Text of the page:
If you are going to create an illusion in Facebook or other common social media for people who are not the sharpest axes in the world, you may succeed with edited images. You only must remember to give something that the target audience wants to see, something they (maybe silently) already believe and now there's the final evidence.

Checking the authenticity of a photo is a profession. If it happens that you want to prove someone else has made a fake photo to raise harms for you, you probably need professional help. You may be able to make a perfect fake lookalike of the harmful photo, but it does not prove that the original is a fake. If no plausible 3rd party forensic work is done the claims of which photo is a fake and which is not stay opinions. The final result depends on beliefs.

Technical: If you shoot 2 images of the same scene with different camera settings or in different light conditions the resulted JPGs can be so different that no adjustment makes them same. The automatic conversion to JPG in the camera is extremely tricky process which is designed to make photos which have a possibility to look good. But that process removes so much information that no adjustment makes the JPGs equal. Some adjustments can make them look the same at the first glance, but a quick analysis reveals the existence of edits.

Shooting RAWs gives more possibilities to generate more close JPGs manually from the RAW images. But they will not be the same exactly. It's only difficult to decide which one resembles more the original scene in front of the camera. A photographer who succeeds to make a shot which contains something wanted and possibly unwanted for some others should have the RAW image as an evidence of "this is not edited". Making a fake RAW photo of a scene which cannot be repeated by staging and using actors needs so specialized tools and knowledge that it's out of reach for ordinary camera owners.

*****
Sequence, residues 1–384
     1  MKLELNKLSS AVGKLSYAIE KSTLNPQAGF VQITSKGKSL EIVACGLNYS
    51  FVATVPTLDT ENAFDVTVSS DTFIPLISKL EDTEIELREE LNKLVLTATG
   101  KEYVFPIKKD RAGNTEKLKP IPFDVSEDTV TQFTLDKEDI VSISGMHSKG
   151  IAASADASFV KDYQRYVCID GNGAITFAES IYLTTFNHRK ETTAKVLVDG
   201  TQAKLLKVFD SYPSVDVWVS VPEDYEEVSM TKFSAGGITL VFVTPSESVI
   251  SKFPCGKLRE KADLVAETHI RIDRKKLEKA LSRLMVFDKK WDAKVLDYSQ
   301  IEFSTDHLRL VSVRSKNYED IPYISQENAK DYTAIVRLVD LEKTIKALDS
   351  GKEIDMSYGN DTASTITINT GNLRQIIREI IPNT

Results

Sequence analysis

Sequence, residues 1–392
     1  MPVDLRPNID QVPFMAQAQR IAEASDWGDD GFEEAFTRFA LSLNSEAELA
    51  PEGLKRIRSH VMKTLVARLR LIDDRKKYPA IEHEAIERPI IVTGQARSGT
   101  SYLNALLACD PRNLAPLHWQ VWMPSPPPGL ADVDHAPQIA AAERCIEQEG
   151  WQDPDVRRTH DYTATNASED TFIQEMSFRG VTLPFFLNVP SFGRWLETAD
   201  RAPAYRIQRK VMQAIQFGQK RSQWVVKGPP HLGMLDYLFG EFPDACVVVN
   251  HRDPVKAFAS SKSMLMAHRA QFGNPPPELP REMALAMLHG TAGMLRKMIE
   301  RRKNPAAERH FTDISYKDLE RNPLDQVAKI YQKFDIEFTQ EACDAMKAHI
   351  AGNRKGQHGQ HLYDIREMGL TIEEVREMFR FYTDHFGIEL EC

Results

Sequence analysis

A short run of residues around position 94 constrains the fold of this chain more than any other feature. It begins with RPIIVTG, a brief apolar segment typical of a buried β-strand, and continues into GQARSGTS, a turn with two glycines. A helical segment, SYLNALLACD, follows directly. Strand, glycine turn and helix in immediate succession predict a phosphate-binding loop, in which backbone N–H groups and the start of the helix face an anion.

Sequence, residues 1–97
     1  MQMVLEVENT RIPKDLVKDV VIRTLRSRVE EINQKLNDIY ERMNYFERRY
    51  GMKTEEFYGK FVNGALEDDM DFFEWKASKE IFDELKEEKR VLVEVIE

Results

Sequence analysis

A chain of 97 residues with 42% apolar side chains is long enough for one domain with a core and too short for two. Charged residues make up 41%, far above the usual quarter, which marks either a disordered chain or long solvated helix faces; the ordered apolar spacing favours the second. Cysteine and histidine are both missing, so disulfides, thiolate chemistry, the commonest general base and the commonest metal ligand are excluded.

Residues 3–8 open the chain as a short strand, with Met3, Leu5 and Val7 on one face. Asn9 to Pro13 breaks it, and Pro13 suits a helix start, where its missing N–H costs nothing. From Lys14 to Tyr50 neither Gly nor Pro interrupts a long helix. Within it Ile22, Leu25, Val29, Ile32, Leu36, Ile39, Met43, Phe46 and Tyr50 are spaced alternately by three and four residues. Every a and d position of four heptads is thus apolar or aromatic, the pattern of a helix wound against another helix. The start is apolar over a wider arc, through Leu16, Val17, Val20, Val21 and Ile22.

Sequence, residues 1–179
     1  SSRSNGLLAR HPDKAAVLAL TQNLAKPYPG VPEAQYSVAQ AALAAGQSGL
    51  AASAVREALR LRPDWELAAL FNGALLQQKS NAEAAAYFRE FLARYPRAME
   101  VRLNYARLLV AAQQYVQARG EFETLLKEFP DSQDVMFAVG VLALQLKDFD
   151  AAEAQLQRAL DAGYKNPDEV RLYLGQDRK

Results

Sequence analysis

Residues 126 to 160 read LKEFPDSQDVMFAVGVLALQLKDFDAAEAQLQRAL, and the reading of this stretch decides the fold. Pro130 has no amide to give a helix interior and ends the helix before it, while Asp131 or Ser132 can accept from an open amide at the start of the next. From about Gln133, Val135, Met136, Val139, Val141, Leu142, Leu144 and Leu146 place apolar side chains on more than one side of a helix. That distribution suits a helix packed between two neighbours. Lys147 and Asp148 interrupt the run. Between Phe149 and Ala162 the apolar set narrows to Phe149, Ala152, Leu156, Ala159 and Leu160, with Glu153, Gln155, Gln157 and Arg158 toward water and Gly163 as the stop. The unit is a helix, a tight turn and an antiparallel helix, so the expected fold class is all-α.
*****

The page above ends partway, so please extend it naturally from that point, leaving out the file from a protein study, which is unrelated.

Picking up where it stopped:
Something maybe worth reading:

  1. https://www.scientificamerican.com/article/5-ways-to-spot-a-fake/
  2. https://shotkit.com/image-photoshopped/

Making a web search brings up much more, if the subject is interesting.

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  • Thanks - I hear what you are saying. "...if they are still in their original capturing device with all device dependent things intact and with no traces of edits..." - you are spot on here...and this is an important point that will be raised. My images are to prove a particular point. They do not contain information pertaining to the event around which the case is based, but they will serve to highlight an issue with the evidence being relied upon by the other party.
    – skeetastax
    Commented Oct 23, 2023 at 10:07